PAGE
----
While Trump’s comments about antifa took up less focus, it is important to note that his attempts to deflect questions about right-wing groups contained multiple falsehoods that have been contradicted by people within his own administration and the intelligence community.

Despite the president’s claims that almost all the violence he sees is from the left, earlier this month, his own FBI director, Christopher Wray, said that “racially motivated violent extremism,” most of which has come from white supremacists, composes the majority of domestic terrorism threats. 

Separately, just days after that, Acting Deputy Secretary of the Department of Homeland Security (DHS) Kenneth Cuccinelli said that “when white supremacists act as terrorists, more people per incident are killed.”

Additionally, DHS also pointed to white extremism as a primary threat in a domestic terrorism assessment published last year. 

See what others are saying: (The Washington Post) (BBC) (Business Insider)

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Trump and Biden Spar Over Voting Security at First Debate

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  • In the final round of Tuesday’s presidential debate, President Donald Trump and former Vice President Joe Biden addressed concerns over election security and voter fraud.
  • As Biden correctly noted, top officials at the Department of Homeland Security and the FBI have said that there is no evidence of widespread mail-in voter fraud.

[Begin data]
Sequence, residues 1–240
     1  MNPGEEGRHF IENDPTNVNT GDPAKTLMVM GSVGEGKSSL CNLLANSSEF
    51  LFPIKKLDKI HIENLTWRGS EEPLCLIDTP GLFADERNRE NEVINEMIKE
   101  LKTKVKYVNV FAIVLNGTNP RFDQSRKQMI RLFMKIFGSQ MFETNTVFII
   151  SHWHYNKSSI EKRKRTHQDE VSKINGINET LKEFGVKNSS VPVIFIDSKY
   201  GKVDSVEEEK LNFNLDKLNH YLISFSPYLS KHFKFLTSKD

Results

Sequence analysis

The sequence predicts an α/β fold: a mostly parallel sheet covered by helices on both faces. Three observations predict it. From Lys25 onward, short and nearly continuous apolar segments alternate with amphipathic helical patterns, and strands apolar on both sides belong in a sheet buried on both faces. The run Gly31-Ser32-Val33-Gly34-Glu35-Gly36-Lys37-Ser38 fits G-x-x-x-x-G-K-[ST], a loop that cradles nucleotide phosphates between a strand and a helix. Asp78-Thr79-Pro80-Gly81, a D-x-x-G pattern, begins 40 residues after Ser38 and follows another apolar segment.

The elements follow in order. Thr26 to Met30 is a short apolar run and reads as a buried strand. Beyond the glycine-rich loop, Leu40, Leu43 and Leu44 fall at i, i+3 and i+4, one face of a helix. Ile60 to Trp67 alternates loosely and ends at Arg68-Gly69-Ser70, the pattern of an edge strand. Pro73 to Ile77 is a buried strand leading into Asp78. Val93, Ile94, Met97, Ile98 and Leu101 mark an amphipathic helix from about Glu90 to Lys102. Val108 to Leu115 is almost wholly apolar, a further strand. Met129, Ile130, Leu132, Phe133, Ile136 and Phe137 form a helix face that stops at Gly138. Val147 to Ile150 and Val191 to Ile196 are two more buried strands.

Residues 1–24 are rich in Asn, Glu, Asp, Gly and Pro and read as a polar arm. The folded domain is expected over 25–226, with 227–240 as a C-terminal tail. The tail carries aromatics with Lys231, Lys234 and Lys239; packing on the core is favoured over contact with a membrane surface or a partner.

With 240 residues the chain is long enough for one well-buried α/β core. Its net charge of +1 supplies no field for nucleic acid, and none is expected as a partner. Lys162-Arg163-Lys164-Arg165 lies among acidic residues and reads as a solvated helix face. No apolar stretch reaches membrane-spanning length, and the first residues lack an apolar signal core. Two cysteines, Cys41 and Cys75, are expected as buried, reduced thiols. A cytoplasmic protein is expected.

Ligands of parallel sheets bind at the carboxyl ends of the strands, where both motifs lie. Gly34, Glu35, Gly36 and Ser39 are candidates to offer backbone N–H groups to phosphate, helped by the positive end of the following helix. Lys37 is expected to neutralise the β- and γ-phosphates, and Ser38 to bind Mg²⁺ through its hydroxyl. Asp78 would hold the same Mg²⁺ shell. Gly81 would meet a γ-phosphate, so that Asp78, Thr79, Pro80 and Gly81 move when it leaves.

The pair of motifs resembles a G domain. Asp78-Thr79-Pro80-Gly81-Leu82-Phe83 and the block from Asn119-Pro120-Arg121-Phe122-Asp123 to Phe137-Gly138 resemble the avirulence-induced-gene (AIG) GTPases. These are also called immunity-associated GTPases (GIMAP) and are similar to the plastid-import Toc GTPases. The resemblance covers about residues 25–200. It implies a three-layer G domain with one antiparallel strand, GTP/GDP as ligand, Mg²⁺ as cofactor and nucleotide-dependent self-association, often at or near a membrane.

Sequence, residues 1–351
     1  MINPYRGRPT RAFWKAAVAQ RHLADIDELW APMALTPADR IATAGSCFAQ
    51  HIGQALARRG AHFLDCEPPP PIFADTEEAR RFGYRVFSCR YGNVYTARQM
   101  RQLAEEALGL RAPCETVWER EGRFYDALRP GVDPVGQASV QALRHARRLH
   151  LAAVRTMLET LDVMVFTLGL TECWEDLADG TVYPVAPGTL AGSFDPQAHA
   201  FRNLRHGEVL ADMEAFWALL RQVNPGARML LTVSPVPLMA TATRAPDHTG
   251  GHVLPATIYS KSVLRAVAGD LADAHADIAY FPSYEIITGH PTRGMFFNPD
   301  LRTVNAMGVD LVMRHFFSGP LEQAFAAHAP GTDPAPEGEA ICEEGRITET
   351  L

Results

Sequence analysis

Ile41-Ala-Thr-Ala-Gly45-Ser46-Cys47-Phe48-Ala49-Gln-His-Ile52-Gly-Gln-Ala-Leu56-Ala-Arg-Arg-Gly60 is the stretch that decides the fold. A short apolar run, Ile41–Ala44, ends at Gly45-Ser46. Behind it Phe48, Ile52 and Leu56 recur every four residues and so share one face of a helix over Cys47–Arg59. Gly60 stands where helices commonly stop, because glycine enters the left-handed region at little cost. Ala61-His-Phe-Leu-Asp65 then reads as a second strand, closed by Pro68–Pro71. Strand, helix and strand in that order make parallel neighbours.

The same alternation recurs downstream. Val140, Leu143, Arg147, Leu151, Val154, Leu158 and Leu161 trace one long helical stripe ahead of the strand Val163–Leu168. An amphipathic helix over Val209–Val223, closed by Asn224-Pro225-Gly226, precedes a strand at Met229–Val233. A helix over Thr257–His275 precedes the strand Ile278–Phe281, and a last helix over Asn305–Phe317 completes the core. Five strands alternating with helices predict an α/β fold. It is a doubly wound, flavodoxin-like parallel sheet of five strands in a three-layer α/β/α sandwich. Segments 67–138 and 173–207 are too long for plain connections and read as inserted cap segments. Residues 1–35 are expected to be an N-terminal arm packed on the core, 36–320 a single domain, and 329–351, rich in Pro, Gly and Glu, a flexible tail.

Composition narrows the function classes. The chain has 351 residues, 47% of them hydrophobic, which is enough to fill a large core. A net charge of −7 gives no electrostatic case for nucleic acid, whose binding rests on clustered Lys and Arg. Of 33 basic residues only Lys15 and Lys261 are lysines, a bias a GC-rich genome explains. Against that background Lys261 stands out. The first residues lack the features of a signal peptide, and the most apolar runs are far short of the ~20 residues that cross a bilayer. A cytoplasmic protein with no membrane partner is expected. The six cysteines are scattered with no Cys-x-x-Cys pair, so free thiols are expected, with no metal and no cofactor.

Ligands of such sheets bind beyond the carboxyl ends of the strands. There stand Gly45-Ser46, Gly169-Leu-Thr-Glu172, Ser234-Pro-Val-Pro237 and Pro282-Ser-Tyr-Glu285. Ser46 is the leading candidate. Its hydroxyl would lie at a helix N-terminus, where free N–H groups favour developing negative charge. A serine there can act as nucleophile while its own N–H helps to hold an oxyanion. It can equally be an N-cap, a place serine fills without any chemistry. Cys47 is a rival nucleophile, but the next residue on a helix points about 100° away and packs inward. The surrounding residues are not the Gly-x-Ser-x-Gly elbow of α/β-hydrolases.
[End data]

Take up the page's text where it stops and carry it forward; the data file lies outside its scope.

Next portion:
• Trump later claimed that mailmen in West Virginia are selling ballots. According to state officials, this is not true.
  • While Biden promised that he would not declare victory on election night, Trump did not make any such promises when asked by moderator Chris Wallace.

Election Security Concerns 

During the final leg of Tuesday night’s presidential debate, President Donald Trump and former Vice President Joe Biden sparred over the topic of election security in the face of widespread mail-in voting. 

Here are some fact-checked claims made by both candidates.

Biden: No Evidence That Mail-In Voting Leads to Cheating

At the start of the sixth and final round of the debate, Biden said of Trump: “His own Homeland Security director, and as well as the FBI director, says that there is no evidence at all that mail-in ballots are a source of being manipulated and cheating.”

“They said that. The fact is that there are going to be millions of people because of COVID that are going to be voting by mail-in ballots like he does, by the way.” 

While Biden does seem to confuse “homeland security director” with the DHS cybersecurity director, the gist of this claim is mostly true.

A few weeks ago, that director, Christopher Krebs, told CBS News that mail-in voting systems are resilient and secure because they create paper trails that can be audited.

Biden also referenced testimony given by FBI Director Christopher Wray, who last week, said that the U.S. has never experienced a large-scale mail-in voter fraud effort. Wray added that any such fraud would be a “major challenge” for foreign countries to pull off. 

Trump: Ballots Found in Wastepaper Baskets

Trump opened the round by saying that he is fine with solicited ballots but that his problem lies with states automatically sending ballots to all registered voters. He then went on to assert a number of claims.